States have long interfered in the domestic politics of other states. Foreign election interference is nothing new, nor are misinformation campaigns. The new feature of the 2016 election was the role of technology in personalising and then amplifying the information to maximise the impact. As a 2019 Senate Select Committee on Intelligence report concluded, malicious actors will continue to weaponise information and develop increasingly sophisticated tools for personalising, targeting, and scaling up the content.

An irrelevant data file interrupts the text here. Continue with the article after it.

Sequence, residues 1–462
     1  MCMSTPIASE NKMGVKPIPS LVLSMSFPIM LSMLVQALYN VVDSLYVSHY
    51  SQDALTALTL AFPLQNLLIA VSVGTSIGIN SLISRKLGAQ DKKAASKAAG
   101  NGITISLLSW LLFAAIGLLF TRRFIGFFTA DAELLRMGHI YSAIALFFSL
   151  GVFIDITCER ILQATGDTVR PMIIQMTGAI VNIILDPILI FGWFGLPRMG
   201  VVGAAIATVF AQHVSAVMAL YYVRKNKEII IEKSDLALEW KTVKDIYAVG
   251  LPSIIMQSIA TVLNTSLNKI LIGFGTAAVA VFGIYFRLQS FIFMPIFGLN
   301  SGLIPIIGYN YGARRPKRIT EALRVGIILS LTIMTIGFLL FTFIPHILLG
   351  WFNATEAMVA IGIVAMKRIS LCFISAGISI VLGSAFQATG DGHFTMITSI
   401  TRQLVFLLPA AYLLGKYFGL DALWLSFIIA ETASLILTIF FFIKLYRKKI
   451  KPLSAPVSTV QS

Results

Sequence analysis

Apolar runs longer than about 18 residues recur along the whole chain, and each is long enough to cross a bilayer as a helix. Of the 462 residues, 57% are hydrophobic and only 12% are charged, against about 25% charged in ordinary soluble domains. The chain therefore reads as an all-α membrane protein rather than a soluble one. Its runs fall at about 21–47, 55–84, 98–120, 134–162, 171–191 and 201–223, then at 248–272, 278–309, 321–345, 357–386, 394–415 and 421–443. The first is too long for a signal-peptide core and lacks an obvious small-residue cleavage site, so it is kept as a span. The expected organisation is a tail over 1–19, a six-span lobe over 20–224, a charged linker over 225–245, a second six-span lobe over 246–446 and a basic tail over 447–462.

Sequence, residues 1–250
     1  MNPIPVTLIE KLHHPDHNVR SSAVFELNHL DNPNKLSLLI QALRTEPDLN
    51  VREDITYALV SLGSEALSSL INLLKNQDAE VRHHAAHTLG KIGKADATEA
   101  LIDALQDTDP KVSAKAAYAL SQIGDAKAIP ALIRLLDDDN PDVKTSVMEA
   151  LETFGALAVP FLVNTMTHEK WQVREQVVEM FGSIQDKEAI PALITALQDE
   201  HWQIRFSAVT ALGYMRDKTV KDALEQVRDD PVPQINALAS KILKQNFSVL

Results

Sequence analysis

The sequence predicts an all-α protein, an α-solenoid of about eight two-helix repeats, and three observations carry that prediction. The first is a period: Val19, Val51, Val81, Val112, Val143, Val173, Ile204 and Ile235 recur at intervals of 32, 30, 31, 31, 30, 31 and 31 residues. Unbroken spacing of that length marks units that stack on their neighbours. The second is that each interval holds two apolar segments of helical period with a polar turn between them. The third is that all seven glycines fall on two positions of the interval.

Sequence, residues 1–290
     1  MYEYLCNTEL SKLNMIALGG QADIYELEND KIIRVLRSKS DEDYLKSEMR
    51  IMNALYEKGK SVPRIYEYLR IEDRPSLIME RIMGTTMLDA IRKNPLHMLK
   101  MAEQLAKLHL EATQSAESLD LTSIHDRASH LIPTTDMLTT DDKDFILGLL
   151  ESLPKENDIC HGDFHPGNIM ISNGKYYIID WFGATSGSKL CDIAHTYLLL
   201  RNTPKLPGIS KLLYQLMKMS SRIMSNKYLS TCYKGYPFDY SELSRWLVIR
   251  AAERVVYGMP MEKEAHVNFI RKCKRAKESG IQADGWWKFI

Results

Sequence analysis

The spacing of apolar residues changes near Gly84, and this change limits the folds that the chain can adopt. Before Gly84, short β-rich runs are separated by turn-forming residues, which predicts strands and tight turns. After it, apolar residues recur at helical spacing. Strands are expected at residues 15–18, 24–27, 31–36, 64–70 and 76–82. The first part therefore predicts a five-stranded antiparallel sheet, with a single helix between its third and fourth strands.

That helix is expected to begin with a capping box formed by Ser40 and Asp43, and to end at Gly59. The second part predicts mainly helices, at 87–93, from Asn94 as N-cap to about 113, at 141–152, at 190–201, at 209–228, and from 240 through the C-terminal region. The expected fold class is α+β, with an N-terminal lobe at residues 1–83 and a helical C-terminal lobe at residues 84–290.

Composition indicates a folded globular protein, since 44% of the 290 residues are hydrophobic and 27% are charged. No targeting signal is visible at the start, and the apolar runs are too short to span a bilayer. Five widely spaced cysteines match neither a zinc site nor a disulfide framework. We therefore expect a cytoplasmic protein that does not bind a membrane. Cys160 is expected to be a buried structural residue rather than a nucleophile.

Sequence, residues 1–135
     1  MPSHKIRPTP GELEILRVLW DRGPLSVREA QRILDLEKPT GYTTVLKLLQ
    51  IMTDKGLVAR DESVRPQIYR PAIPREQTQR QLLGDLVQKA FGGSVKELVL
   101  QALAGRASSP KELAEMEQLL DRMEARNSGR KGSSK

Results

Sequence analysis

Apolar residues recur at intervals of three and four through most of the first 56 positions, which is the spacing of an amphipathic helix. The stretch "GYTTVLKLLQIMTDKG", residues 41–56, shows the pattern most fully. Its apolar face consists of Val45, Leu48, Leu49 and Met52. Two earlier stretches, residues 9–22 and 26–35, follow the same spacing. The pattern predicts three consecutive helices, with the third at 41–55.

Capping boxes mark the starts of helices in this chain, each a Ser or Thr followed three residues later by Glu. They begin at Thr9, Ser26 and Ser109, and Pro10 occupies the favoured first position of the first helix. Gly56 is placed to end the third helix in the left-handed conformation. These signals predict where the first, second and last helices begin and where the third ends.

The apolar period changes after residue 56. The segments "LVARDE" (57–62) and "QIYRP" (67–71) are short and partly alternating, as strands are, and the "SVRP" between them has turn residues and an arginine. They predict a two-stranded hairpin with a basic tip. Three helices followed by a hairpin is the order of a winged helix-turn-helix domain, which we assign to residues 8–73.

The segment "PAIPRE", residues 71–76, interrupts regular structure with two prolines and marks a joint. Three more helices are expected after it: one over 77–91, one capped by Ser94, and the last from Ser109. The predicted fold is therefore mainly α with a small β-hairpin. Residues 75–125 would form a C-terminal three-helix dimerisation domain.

This report focuses on those tools. It outlines the logic of digital personalisation, which uses big data to analyse individual interests to determine the types of messages most likely to resonate with particular demographics. The report speaks to the role of artificial intelligence, machine learning, and neural networks in creating tools that distinguish quickly between objects, for example a stop sign versus a kite, or in a battlefield context, a combatant versus a civilian. Those same technologies can also operate in the service of misinformation through text prediction tools that receive user inputs and produce new text that is as credible as the original text itself. The report addresses potential policy solutions that can counter digital personalisation, closing with a discussion of regulatory or normative tools that are less likely to be effective in countering the adverse effects of digital technology.